Trauma support and suicide prevention

10 October 2014

Since 2010 ASLEF has played a leading role in the development of a Network Rail and Samaritans suicide prevention programme which aims to reduce the number of railway suicides and to improve the support available to those affected by them.

There are over 210 suicides a year on the railways: That’s 4% of all suicides in Britain. With an average of 1 person a day trying to take their life on the railway, we are painfully aware of the serious consequences for drivers, station staff, passengers, and members of the public who witness these incidents - in addition to the traumatic impact on family and friends of the individual.

We want to prevent suicides and support drivers who have been involved in rail fatalities on the railway and who may subsequently suffer from trauma: Some feel extremely guilty, as though they could have done more to prevent the tragedy. These feelings are misplaced, and support can help them to understand and manage the trauma better.

Since the programme began in 2010 over 1,000 people - mainly ASLEF Union Reps - have completed the Trauma Support Training course which is tailored specifically to deal with the needs of train drivers or others in the aftermath of a death. ASLEF reps were instrumental in making sure the course is specifically tailored to train drivers and the ASLEF Education team worked with the pilot group to get the course accredited.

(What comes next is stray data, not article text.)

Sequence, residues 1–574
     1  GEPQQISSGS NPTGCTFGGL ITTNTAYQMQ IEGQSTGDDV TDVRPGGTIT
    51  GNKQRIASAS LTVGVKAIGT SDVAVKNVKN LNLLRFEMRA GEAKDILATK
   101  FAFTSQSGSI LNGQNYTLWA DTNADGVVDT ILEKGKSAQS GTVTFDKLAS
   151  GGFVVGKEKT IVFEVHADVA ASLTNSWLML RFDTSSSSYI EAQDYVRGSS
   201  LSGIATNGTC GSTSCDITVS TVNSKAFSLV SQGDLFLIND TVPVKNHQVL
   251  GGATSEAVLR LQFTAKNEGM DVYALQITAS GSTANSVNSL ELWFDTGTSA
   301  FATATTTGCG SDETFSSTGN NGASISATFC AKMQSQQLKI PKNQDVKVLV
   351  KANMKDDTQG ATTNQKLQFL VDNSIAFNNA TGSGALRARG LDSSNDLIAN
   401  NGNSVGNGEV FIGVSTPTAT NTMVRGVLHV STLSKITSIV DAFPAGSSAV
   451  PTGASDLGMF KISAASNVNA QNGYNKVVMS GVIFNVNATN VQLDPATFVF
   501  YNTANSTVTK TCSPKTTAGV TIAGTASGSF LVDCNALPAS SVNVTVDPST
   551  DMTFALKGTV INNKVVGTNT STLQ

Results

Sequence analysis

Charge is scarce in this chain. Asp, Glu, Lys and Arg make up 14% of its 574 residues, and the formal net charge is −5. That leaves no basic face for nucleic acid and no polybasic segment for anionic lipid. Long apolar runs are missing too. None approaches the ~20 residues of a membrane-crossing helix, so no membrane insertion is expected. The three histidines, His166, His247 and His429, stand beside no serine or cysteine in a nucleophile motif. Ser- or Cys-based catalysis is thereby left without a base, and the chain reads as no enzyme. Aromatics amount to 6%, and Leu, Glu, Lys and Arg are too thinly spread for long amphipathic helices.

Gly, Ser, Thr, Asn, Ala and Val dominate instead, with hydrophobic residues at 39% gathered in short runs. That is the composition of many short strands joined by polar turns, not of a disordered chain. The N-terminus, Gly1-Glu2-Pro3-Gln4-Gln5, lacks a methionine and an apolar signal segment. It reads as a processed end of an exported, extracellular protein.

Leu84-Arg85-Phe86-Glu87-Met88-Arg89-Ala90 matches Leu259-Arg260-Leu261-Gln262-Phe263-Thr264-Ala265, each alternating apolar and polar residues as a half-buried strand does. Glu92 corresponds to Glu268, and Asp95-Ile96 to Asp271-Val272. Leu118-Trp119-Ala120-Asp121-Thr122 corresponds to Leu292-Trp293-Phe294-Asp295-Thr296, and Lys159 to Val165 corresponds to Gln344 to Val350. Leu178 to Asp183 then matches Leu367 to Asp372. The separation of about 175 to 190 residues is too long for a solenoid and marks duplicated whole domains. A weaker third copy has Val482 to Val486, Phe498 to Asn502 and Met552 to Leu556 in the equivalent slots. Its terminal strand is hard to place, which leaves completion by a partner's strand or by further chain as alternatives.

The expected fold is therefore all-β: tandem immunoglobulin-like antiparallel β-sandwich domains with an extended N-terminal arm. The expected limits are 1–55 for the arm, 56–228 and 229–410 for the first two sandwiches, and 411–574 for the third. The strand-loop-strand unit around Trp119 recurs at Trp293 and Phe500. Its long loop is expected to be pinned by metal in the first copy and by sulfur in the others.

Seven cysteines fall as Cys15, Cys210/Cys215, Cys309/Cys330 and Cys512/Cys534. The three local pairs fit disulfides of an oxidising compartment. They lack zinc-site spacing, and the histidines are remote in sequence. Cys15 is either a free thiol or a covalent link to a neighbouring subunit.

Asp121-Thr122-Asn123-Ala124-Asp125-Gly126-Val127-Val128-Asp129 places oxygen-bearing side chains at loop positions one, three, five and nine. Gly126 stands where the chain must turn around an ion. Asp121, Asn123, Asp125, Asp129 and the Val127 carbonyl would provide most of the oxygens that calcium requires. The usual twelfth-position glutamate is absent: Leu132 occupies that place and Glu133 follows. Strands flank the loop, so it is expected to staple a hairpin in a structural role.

The Samaritans have trained a further 6,000 Network Rail workers, staff from train companies and British Transport Police officers, building their skills to approach people in distress and lead them to safety.

In addition to this Network Rail and train operators have identified 27 hot spots for people taking their own lives: They have found that in these locations there are effective steps which can be taken to deter people from committing suicide. These steps include installing fences at platform ends, installing lighting along dark sections of platforms and painting yellow hatching at the end of platforms, installing smart cameras at level crossings, advertising the Samaritans’ helpline in stations.

ASLEF is delighted that the initial Suicide and Trauma Prevention initiative has broadened into a wider campaign involving other partners who want to contribute what they can to address this problem, prevent suicides, support those affected, and improve awareness of the potentially fatal risks of level crossings and accidents in stations. To find out more about the campaign, visit the Samaritans’ website (http://www.samaritans.org) and for more information about the Trauma Support Training please contact ASLEF Education Project Worker Julie Rutter on  07825412490 or by email

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